There is something dead under the porch but we are ignoring it. I say, the flies. They are many. She says, I know. But there’s nothing in my direct view. I ask, Did you look under the porch? No. Ok, I say. I won’t look either, then. We nod our heads and smile close-mouthed. The energy soothes itself.

The floors are clean enough, just dust and bits of old pastry and of course some Xanny and children’s vitamins are knotted into the avocado shag rug. We watch the very first episode of Murder She Wrote. Next, we watch the very last episode of Murder She Wrote. We eat exotic foods, like brie-flavored potato chips, encrusted topically with rock salt. We expectorate using friction and a small washboard made with kitchen helpfulness as its only intent. Stolen sustenance, stolen resource. Both are swiped from the historic WoonWinkel, an experimental child village/boutique on the corner of Washington and 10th Street. The luxury sodium atrophies my brain. My tongue, she is parched. The historic WoonWinkel serves as fraternal trade school for toddles to pre-teens. Culinary school. They offer apprenticeships in constructing petite wicker divans for the esteemed students, referred to as Winkels. These children are deemed genius by the founder of historic WoonWinkel—Dr. Terry—an old veterinarian and always entrepreneur. He is quite adored all about town, you see.

There is still something dead under the porch. We are ignoring it hours after initially agreeing to ignore it but flies are starting to come inside and have developed muscular fly deltoids with which to lift larger and larger bits of rock salt, a rogue piece of mold-cultured apologetic cake. We work so hard to keep this lovely, solid home together. To look under this home would really fuck things up. Why investigate what is already obscured? The systems of our lives do not wish to allow it. Who are we to challenge God’s big face and the shadows that protect the belly of our small home’s porch?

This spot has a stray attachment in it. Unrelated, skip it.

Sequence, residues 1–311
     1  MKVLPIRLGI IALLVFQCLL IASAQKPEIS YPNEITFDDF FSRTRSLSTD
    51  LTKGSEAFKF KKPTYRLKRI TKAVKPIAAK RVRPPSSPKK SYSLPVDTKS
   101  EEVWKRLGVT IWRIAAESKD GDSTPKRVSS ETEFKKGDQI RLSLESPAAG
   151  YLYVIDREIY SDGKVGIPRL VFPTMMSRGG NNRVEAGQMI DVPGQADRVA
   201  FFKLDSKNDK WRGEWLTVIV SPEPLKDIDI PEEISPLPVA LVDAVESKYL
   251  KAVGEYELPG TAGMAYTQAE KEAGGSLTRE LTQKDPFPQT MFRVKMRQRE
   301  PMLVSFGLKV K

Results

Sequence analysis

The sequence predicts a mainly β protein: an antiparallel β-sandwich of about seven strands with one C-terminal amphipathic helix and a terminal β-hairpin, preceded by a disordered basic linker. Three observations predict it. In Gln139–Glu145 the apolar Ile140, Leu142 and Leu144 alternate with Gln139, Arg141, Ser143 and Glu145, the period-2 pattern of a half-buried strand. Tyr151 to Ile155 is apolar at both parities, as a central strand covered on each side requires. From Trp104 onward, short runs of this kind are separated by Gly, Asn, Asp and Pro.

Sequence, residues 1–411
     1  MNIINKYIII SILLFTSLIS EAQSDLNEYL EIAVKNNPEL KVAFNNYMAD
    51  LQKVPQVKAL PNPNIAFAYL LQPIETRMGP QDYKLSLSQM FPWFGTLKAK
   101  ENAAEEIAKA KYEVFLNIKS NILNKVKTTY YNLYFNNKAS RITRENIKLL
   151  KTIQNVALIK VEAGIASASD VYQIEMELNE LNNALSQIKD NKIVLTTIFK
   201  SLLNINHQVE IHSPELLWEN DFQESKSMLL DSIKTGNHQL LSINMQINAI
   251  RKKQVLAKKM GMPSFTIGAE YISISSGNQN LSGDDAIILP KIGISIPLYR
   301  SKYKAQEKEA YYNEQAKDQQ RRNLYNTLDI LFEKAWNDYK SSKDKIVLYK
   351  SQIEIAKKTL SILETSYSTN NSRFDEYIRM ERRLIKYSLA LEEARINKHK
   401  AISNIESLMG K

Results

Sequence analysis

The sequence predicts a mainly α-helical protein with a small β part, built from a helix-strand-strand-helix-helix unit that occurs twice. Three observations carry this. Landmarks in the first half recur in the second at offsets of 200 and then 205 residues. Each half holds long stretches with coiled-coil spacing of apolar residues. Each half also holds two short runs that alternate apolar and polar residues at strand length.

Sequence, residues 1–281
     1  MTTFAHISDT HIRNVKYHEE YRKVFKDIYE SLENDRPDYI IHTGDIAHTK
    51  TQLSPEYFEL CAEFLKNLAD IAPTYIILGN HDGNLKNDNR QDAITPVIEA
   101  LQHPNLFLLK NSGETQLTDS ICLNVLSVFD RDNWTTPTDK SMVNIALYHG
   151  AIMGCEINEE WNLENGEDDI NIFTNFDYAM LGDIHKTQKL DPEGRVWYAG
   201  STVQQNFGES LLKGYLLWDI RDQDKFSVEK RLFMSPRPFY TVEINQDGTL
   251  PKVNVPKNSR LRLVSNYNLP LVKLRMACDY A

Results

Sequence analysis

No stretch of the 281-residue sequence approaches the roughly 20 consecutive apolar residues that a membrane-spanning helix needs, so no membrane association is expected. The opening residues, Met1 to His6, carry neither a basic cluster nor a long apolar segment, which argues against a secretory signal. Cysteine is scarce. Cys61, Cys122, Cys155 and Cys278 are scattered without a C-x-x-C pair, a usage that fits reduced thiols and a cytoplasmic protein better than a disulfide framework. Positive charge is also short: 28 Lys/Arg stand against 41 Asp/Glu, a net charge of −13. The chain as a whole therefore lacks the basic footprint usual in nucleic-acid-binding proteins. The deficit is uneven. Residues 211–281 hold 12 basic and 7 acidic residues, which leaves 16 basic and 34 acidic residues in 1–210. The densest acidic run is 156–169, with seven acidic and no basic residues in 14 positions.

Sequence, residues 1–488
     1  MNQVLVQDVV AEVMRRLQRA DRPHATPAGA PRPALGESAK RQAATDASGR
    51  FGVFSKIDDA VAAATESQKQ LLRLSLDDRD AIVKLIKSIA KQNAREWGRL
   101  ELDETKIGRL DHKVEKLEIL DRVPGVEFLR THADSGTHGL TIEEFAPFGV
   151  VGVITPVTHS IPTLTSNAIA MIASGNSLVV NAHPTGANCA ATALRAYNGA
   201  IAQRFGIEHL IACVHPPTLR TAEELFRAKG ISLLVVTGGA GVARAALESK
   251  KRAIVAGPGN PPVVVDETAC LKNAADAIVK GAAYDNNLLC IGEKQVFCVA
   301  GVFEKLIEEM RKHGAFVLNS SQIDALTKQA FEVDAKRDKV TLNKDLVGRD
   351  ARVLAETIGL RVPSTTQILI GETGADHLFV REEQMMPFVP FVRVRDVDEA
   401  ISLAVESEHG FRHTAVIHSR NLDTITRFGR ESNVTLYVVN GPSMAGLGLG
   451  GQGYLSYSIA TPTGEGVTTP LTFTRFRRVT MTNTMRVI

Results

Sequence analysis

We once went to couples’ therapy for wayward lady couples. We were asked not to return. In this window of time we declared our relationship a structure. We named it Trust Hut. Just us. And for one hour and twenty-two minutes, just us and also the therapist. Her face was long as a nice spoon and her earrings were shaped faintly as Shredded Wheat, little puffy things that seemed interactive but ultimately proved to be merely decorative in nature. She didn’t like us staring at her and breathing through our noses. But isn’t she used to this sort of thing? We wanted her help but we needed to sniff her out some first. The first and most important step in Trust Hut. She didn’t even make it through the front door into our Trust Hut Foyer—a place I imagined to be full of cacti and stacks of old Yellow Pages. She had a wet sneeze that made me suspect she was living with Syphilis. A goddamn shame it was. But it taught us self-reliance with one another.

We retire to the bedroom. What else can be done? Our breath is hot and we drink it out of one another as if it is Tang or nutrient-rich water of a coconut or coconut flavored mineral waters. Our eyes widen in the thick of distraction—begot passion. You take off my Wednesday underpants with your teeth. It is Sunday. We shiver in the July heat of our bed. It is more pit than bed, more agitating than comforting. The bed slats, they are impotent. Unstapled whale planks of hollow balsa wood that fell long ago onto linoleum that pretends to be marble. Halos of dust and crusted out Target thongs. An old plastic medicinal cup that once held brandy and Nyquil as a makeshift tonic for a long-extinct sinus infection lay in near-erotic disarray under the bed and of course this is known without us looking under the bed. If we are anything we are consistent in our habits. Trust hut. Just us.